"Our position continues to be that restrictions on choice and competition are not in the best interests of consumers," the CBA said Monday in an e-mailed statement. "If the government did decide to ease the restrictions on financial institution involvement in auto leasing, it would be up to individual institutions to make their own decision on whether they would enter the market."
Bank of Montreal supported the auto dealers who have changed their stance.
"We believe the public interest is best served by cultivating a competitive sector that offers access and choice," said Robert Sadokierski, vice-president of dealership finance at Bank of Montreal. "Policy around leasing should be oriented towards removing impediments to competition rather than attempting to prescribe competitive outcomes."
A spokeswoman for Royal Bank of Canada, the country's largest bank, said it would look at the opportunity if it came up.
"As with any changes to the Bank Act and regulatory environment, we will review market opportunities to take advantage of those changes as they come into effect," RBC said.
Canadian Western Bank, which holds 20 per cent of the market in Canada for small-ticket leasing such as all-terrain vehicles and farm and landscaping equipment, also said it would be interested in getting involved in direct auto leasing if the government opened it up to the banks.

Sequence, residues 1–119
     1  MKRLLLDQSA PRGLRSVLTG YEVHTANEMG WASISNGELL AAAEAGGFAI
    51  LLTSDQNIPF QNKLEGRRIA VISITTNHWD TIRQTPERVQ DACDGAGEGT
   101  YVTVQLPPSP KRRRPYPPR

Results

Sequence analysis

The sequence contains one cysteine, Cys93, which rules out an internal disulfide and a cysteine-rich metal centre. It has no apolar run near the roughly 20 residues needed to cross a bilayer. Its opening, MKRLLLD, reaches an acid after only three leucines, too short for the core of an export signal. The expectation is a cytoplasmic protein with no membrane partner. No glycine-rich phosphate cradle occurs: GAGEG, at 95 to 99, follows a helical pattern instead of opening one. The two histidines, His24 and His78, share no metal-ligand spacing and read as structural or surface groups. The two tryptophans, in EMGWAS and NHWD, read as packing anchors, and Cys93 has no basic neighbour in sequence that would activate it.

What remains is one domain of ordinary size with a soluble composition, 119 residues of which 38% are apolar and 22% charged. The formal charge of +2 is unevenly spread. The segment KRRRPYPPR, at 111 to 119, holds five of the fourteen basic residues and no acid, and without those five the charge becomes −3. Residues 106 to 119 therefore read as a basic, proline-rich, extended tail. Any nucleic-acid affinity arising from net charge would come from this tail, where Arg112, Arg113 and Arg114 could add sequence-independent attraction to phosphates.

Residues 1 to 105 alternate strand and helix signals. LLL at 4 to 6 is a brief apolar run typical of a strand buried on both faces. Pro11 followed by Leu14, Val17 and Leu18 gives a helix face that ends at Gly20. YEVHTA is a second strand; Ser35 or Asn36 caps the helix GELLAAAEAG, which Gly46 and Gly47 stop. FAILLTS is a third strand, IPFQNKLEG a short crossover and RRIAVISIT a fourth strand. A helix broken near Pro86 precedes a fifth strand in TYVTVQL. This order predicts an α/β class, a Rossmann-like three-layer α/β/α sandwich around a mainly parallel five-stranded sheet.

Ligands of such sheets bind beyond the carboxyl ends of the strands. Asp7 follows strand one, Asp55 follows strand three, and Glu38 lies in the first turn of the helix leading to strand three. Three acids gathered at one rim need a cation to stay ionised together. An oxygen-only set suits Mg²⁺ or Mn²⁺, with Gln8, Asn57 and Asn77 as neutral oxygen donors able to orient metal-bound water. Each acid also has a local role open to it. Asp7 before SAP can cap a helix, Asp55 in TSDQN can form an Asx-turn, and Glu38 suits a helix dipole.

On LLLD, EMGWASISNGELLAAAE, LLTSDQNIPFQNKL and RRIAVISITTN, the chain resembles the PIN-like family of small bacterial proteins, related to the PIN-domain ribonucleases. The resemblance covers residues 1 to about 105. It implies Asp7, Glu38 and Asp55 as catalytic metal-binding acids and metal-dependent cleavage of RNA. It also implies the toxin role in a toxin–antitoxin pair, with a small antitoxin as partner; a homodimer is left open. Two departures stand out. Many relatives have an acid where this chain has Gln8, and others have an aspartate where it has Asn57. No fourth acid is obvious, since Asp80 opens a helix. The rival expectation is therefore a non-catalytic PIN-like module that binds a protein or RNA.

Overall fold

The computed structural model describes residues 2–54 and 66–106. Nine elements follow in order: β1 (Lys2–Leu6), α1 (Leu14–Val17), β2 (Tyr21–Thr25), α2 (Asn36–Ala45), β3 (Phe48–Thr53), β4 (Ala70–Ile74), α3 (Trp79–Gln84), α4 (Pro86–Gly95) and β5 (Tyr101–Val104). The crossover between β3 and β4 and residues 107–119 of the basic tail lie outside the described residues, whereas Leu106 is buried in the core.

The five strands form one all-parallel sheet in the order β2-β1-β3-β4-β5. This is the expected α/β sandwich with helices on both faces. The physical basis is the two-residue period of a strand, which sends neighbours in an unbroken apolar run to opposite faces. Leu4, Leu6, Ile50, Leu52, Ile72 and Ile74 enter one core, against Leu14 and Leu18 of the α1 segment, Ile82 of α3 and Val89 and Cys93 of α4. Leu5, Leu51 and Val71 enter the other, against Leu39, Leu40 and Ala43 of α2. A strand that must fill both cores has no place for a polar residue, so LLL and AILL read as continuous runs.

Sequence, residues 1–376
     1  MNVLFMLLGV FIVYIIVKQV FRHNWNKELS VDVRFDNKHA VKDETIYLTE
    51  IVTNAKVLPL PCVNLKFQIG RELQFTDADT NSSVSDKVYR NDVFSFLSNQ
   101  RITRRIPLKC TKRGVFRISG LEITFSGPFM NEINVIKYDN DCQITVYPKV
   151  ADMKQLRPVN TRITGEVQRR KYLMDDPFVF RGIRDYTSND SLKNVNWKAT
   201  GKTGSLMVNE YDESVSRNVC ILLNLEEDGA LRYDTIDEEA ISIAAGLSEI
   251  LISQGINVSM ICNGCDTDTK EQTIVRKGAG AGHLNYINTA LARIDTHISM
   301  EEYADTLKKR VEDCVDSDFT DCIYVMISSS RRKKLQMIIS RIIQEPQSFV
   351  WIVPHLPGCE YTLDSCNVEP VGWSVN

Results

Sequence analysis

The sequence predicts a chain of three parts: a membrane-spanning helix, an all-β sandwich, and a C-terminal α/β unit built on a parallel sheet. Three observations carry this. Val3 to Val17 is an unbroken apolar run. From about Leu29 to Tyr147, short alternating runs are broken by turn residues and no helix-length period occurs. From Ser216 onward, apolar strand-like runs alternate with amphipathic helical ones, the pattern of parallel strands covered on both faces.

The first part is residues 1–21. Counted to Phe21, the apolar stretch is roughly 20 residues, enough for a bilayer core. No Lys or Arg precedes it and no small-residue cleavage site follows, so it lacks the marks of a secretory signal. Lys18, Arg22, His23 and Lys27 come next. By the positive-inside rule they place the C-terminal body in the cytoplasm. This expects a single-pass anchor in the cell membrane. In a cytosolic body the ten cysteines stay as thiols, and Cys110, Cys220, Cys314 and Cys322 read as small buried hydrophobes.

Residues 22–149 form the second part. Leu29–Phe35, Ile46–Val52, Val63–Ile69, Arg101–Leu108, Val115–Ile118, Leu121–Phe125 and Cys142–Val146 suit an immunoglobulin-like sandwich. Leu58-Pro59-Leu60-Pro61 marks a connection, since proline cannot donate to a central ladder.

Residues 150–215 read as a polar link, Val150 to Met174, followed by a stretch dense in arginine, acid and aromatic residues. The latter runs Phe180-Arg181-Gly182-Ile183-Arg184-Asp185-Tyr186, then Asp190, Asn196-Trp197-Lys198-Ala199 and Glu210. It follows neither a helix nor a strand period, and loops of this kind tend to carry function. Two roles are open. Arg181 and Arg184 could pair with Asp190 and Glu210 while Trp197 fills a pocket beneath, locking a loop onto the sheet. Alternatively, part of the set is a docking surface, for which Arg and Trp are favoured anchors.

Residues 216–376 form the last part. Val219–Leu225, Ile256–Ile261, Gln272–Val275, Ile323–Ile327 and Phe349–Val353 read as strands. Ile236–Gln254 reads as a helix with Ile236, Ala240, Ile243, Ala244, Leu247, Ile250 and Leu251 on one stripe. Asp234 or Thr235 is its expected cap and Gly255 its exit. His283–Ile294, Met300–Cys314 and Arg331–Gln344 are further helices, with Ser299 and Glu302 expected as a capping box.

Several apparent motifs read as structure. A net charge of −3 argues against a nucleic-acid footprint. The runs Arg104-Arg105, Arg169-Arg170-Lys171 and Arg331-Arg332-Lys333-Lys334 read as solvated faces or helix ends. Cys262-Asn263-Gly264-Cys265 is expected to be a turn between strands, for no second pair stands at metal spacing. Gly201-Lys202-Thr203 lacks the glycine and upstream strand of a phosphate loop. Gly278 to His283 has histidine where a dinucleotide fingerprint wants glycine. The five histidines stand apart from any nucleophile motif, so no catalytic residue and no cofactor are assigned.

"Certainly we would have a look at it," said Kirby Hill, spokesman for Canadian Western. "I can confirm that is an area that we're exploring as a potential growth avenue."
The Edmonton-based bank is a significant player in leasing equipment to a variety or industries, including the oil patch, and recently hired an analyst to explore expansion opportunities in auto leasing.
Canadian Western plans to start first with indirect auto leasing, potentially working with auto companies to backstop their lending, as several of the Big Six banks do.
However, direct auto leasing would be an attractive area for banks to move into if it were available.
"We've hired a specific position to analyze [auto leasing]for us, and we'll see where that goes," Mr. Hill said.
Royal Bank of Canada, Toronto-Dominion Bank and others have a sizable presence in automotive financing areas, but mainly offer financing for car dealers or consumer loans on cars. They are not permitted to offer direct leasing.
The Canadian Automobile Dealers Association, which represents Canada's 3,000 new-car dealers, remains steadfast in its opposition to the banks.
"Leasing should be left to those who know what they're doing and have expertise in that particular field and that does not include the banks," said CADA president Rick Gauthier.
Permitting the banks to lease vehicles would mean they would be competing against dealers who borrow from those banks to finance their own leasing operations, Mr. Gauthier said. "Even just from a business perspective that doesn't make sense."
"There is no evidence that permitting banks to provide vehicle lease financing will reduce the cost to consumers," said Richard Jacobs, a spokesman for Honda Canada. "The U.S. experience shows that bank competition has not improved customer satisfaction, access to financing or overall affordability."